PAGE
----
Lillypilly (Syzygium, Acmena, Waterhousea, Eugenia species)
Lillypillies are some of our most widely planted native trees and shrubs thanks to their hardy, adaptable nature and a diverse range of growth habits. You will find these versatile evergreens used as shade and street trees, wind breaks, screening plants, informal and clipped shrubs including topiary, hedges, container plants and even trained as bonsai.
Mature foliage is lush and green with new growth often providing an attractive pink or red-toned contrast. Showy spring and summer flowers with numerous, pollen-laden white/cream, pink or occasionally crimson stamens are a magnet for both nectar feeding birds as well as bees and other insects. The berry-like fruit vary in size and colour and attract fruit eating birds. The fruit are generally crisp and refreshing like the rose apple (Syzygium jambos), rather than sweet. Some of these berries are prized bush food including the riberry (Syzygium luehmannii), however some cultivated varieties do not produce any fruit.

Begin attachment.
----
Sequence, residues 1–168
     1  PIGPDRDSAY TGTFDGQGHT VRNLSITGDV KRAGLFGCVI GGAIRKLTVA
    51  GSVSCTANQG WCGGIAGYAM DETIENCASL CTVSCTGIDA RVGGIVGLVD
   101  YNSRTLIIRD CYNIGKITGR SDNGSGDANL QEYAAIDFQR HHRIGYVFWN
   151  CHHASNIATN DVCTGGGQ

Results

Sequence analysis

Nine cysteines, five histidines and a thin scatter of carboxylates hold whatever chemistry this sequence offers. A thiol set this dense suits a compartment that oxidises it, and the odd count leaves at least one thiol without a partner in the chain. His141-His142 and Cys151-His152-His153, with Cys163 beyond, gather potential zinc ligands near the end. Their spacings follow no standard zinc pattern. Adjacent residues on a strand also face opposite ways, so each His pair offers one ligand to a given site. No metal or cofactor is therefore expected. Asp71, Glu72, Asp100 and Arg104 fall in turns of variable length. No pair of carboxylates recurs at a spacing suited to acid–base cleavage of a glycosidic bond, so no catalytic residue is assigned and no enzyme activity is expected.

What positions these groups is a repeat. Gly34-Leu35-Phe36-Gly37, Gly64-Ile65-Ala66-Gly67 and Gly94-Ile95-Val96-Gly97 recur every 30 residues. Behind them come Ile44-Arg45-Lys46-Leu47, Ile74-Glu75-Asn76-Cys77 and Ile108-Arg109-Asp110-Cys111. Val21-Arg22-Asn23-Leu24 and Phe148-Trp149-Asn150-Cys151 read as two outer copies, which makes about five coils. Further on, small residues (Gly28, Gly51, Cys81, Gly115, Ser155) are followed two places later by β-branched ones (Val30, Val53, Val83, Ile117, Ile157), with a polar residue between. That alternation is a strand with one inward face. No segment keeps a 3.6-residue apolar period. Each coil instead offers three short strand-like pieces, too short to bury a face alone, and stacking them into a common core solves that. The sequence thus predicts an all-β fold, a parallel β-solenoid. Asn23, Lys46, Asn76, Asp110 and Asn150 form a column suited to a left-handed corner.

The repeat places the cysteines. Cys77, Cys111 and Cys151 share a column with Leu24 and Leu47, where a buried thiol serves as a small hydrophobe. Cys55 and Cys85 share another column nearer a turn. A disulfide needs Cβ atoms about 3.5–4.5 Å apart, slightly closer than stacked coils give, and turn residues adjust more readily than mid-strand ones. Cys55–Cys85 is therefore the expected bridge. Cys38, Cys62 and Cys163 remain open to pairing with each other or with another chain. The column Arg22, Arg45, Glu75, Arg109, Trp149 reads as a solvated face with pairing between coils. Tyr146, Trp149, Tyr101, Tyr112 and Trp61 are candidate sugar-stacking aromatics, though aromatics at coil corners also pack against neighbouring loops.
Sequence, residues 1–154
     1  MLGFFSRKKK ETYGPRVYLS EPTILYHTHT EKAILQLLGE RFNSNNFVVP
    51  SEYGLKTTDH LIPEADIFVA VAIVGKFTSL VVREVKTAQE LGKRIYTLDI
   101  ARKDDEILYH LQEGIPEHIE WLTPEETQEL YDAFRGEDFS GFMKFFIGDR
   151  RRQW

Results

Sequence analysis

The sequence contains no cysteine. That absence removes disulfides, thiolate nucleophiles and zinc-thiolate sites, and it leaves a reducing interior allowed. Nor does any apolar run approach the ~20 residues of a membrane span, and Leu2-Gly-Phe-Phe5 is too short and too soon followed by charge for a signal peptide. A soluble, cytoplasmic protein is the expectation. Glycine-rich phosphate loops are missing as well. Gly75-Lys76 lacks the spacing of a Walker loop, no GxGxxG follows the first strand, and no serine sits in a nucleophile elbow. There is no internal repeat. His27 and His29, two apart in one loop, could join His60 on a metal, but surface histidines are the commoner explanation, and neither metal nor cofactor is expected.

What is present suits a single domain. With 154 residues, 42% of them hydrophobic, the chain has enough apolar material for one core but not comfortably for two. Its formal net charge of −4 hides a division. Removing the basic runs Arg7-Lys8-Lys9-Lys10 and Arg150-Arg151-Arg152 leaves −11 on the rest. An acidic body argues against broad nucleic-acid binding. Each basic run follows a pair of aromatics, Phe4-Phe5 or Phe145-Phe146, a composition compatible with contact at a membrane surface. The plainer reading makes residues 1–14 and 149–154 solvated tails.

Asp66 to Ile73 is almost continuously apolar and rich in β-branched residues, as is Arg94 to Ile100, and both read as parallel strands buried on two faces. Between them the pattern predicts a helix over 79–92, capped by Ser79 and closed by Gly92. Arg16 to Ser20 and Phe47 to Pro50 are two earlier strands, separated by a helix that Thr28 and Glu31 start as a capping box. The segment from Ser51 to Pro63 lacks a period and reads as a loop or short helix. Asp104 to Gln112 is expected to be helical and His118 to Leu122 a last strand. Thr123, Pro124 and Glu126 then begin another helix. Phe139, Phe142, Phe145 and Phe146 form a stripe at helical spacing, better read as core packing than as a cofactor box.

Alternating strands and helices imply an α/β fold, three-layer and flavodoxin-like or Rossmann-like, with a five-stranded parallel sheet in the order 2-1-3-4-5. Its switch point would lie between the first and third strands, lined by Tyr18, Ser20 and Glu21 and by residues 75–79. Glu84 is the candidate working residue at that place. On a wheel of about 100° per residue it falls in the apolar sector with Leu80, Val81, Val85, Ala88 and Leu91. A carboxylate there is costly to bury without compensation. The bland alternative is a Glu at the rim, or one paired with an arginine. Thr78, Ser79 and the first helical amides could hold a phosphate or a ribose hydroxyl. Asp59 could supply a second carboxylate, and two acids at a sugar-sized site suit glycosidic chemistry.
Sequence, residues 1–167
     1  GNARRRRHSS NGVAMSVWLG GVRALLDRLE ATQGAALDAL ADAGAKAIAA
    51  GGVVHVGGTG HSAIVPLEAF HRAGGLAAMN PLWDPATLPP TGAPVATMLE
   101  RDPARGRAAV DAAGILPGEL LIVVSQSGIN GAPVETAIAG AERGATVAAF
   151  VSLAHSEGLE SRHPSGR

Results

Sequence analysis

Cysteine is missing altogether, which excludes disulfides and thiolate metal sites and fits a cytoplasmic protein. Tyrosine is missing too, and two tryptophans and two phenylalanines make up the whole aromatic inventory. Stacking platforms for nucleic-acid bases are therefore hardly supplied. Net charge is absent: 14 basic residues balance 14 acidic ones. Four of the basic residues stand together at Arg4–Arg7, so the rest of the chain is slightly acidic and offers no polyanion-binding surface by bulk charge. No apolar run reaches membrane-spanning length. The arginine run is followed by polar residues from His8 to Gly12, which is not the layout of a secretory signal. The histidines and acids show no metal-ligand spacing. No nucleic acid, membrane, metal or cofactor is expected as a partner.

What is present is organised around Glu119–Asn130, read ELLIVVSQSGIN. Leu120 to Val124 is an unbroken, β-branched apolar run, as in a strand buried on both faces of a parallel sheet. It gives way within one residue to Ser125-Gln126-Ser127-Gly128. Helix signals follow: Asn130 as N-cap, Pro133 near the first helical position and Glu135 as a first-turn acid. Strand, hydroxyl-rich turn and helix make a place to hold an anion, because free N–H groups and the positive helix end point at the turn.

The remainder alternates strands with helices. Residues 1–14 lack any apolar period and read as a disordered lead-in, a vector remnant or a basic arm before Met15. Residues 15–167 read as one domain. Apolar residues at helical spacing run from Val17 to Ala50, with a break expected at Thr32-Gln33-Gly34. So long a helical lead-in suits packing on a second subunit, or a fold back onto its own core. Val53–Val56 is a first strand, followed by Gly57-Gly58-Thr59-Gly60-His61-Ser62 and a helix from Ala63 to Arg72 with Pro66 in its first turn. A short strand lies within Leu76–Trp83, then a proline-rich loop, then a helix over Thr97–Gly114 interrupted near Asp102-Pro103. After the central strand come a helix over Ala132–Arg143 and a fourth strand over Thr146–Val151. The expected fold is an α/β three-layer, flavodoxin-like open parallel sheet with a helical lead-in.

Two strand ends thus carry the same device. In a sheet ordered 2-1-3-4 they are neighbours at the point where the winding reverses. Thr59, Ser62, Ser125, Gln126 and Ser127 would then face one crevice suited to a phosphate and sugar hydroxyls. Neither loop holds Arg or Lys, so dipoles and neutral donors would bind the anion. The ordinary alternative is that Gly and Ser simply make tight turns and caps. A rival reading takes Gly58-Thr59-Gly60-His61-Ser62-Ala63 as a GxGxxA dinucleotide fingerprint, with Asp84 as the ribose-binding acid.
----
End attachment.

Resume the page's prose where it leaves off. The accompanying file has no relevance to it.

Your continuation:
Susceptibility to pimple psyllid (see Watch for) is a key consideration when selecting which lillypilly to grow. Syzygium smithii (syn. Acmena smithii) and Syzygium luehmannii and their cultivars are considered pimple-psyllid resistant.
Climate Lillypillies are naturally rainforest species that grow in gullies where soil moisture is readily available. Fortunately, they are adaptable to tropical, subtropical, temperate and Mediterranean climates. They cope with moderate frost, often tolerate of temporary flood inundation and are fire resistant. Larger, more established plants can cope with long intervals between rainfall due to their deep roots.
Aspect Full sun to part shade positions are tolerated. Hedges, screening plants and topiary specimens are best planted in full sun if dense, lush growth is to be maintained.
Soil Lillypillies tolerate a range of soil conditions providing soil moisture levels can be maintained. Clay soil is generally well-tolerated as are a range of soil pH levels. Adding organic matter in the form of home-made compost and/or Seasol Super Compost prior to planting is beneficial, particularly in sandy and other well-drained soil.